Wall Street, as all of you know, is more than a Street. It is a way of life. One that is all about making money. And there are terms for those who partake in this way of life. Terms like speculator, short-term trader, and even hedge fund manager come to mind. However, there is one term that is more appropriate for people involved in high-risk/high-reward ventures such as betting on Wall Street.
That term is venture capitalist. And while it is not a perfect term, it is the most appropriate one.
What Is a Venture Capitalist?
Put simply, a venture capitalist is an investor in a startup company. They provide capital to entrepreneurs who are in search of funding for their business. Typically, venture capitalists will look for businesses that they see as a potential investment. And, as the name implies, they will generally look for businesses with an excellent chance of being profitable.
Venture capitalists are, therefore, essentially risk-tolerant investors. They often put their money where their mouth is – as it were. And, for that reason, they are sometimes also referred to as “brave” or “ardent” investors.
Why Are Venture Capitalists Important?
In the eyes of an entrepreneur, a venture capitalist is an important investor. The startup entrepreneur looks at it that way because a venture capitalist is, most often, the person who provides the much-needed capital to get the business started. Typically, a venture capitalist will want to see a five to seven year plan for the business. They want to ensure that the business will be able to generate reliable income and, hopefully, become profitable.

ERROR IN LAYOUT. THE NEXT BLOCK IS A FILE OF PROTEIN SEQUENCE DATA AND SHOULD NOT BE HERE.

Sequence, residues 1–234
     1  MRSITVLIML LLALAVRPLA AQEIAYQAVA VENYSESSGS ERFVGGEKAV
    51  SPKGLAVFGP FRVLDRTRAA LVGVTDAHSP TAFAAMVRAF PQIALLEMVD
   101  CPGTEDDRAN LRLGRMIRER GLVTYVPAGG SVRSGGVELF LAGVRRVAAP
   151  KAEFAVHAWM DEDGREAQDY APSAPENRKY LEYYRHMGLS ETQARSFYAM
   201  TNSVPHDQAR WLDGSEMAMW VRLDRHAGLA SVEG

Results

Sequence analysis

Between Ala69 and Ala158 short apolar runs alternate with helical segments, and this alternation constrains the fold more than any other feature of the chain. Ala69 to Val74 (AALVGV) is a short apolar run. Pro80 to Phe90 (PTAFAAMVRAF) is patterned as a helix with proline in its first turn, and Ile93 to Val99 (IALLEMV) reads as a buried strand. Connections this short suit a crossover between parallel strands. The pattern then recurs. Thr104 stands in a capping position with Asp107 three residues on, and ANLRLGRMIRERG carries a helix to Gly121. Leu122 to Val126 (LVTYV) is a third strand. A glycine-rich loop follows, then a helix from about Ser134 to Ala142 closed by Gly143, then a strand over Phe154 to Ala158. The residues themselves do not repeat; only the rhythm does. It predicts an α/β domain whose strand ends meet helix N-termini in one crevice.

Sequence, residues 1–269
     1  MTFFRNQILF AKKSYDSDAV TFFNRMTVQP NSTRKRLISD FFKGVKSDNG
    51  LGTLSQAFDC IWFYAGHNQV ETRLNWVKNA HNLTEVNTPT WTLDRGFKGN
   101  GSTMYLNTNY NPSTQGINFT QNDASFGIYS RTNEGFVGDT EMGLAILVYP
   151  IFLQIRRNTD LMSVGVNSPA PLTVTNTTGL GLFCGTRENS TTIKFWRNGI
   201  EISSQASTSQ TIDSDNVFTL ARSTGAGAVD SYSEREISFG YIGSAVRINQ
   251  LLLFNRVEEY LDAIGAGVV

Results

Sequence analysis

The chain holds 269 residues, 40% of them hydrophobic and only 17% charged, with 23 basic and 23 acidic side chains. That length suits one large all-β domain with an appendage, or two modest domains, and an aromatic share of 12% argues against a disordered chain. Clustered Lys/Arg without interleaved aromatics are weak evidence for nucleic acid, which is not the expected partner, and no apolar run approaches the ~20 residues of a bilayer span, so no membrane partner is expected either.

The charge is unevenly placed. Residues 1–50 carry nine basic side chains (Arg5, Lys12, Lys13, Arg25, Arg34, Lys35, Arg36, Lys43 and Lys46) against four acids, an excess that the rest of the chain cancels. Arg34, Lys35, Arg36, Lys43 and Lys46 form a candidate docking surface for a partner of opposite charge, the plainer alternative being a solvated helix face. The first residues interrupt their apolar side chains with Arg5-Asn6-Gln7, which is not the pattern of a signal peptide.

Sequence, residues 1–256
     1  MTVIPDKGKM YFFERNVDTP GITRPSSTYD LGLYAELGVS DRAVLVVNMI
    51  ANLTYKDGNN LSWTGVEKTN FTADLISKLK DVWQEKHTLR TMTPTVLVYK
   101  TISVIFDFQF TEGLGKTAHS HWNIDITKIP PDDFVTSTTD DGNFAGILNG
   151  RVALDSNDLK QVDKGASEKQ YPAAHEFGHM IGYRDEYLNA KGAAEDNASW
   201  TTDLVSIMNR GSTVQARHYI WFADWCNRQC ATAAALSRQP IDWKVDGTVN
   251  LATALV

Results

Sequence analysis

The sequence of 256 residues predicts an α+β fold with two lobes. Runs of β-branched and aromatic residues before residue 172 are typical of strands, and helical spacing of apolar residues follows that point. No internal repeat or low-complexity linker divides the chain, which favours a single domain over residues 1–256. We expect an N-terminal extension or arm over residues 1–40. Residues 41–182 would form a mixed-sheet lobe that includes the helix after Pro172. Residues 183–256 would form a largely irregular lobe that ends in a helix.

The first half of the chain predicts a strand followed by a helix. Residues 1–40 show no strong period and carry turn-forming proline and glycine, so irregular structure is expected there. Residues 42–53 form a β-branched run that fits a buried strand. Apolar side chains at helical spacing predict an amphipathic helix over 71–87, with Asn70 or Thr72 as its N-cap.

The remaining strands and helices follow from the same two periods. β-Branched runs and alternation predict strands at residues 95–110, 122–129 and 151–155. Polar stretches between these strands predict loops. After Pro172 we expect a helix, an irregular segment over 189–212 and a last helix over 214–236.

After the business has generated a reasonable amount of revenue, then they will want to begin the process of selling it. At this point, they will want to begin to see some return on their investment. And this is why they are, generally, risk-tolerant investors.
Venture capitalists are essential for any business, regardless of the stage it is in. An entrepreneur should approach them first when seeking funding for their business. Even when the business is established and generating revenue, venture capitalists are essential for turning a profit and scaling up the business. A venture capitalist will want to see a five to seven year plan for the business in order to determine whether or not it is a viable investment. If you are looking for venture capital, approach as many different venture capitalists as possible. This will increase your chances of landing an investor who is financially supporting your business.
As a businessperson, it is your duty to protect your company’s intellectual property. When another company tries to copy your product, approach your state’s attorney general or the United States Copyright Office and lodge a complaint. Follow the proper procedure to ensure that your company’s name and brand remain intact.